Do birds feel pain in their wings when they fly on their journeys? she wrote. They must flock together because there is strength in numbers. Who do you have to hold you up when you are feeling down? Who do you tell your problems to? Who makes me feel better on a very painful day?
Acceptance was a turning point for Millie. “When my pain was acute, I had hopes that I would pull through and come out on the other side pain-free,” she says. “I was in denial that my pain was chronic.” When one doctor recommended she seek therapy, she says, “At first I was annoyed.” But gradually she realized that she had to grieve the life she’d lost.
In addition to her job, she lost her independence and felt like a burden to her loved ones. She had also been hoping to have another child one day. “My doctor told me to wait until my pain was more manageable before I try to have another baby,” she says. “That never happened.”
Millie finally decided that she wanted to change her narrative. “I was becoming a victim to my own circumstances, and I didn’t like it,” she says. “This is not how I handle adversity.”
FINDING NEW SOLUTIONS AMIDST NEW ACCEPTANCE
Today, Millie manages her pain with water and massage therapy, muscle relaxers, and medical cannabis gummies to help with sleep. She continues to go to therapy. “My husband and my son are definitely my advocates,” she says. “They have been there through the good times and the very bad times surrounding my pain journey. I have family and friends who constantly remind me that I am living the best version of myself right now.”
The severity of the pain depends on the day and weather. In addition to the back pain stemming from her initial injury, Millie has been living with chronic migraine since 2019, has carpal tunnel and neuropathy in her right hand, and was recently diagnosed with lupus.
She used to visit her family in the Bronx frequently, but she hasn’t been there in more than five years. “Pain is isolating,” she says. “People don’t know what to say, so they brush it off or avoid you. And you get tired of telling people you don’t feel well, so you just don’t answer the phone or go anywhere.”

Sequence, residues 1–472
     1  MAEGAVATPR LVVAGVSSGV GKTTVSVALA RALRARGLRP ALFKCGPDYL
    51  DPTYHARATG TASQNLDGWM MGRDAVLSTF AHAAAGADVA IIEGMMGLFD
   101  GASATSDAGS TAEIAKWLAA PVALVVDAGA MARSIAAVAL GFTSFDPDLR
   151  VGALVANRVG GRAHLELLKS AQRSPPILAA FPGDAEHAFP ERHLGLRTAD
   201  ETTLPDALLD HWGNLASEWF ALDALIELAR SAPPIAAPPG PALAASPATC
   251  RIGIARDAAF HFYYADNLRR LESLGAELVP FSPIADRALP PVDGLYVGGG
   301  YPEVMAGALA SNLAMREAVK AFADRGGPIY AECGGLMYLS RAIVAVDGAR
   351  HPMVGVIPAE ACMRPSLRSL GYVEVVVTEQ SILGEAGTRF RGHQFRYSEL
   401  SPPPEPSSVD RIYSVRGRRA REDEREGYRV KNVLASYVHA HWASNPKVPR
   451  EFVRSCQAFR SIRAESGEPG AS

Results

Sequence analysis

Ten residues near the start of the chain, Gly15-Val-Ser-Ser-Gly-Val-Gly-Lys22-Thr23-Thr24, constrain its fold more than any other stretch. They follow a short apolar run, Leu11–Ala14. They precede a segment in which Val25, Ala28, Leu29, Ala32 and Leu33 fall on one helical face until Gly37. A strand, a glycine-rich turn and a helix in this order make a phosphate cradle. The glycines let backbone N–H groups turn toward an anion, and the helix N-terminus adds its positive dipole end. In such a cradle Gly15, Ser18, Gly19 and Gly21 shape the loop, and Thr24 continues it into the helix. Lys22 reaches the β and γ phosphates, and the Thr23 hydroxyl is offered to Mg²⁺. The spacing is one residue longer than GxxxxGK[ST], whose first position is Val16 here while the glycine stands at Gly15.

She wishes that people were more understanding of how pain affects every aspect of an individual’s life—even their brain chemistry.
“We have to slow down,” Millie says. “There is so much planning involved in long-distance travel that it is difficult and close to impossible to do. We get fatigued but can’t sleep. One day pain can be bearable, while the next day the pain is out of control.”
Although she hasn’t been able to return to the stage, Millie has been able to resume her role as an educator. She is the specialized support group leader for the U.S. Pain Foundation’s Writing Room and Reading Room groups. “I feel like my old self when I run support groups,” she says. “I feel alive!”
She’s found that eating well and moving her body—she spends considerably less time in bed and does stretches and yoga when she can—help her feel her best.
Meditation and writing are vital outlets for Millie. “I dedicated so many years to pain; now I’d like to think about other things,” she says. She’s working on collecting her stories into a book and takes writing workshops on Zoom.
“It still hurts, and it’s always going to,” she says. “So I guess my challenge is to find joy in the little things. I don’t want to simply exist through the next decade of my life. I want to live an intentional life. With pain.”
If you are struggling with suicidal thoughts and need help or someone to talk to, you can dial 988 to reach the 988 Lifeline. Additional help is available in the Resources section on page 68.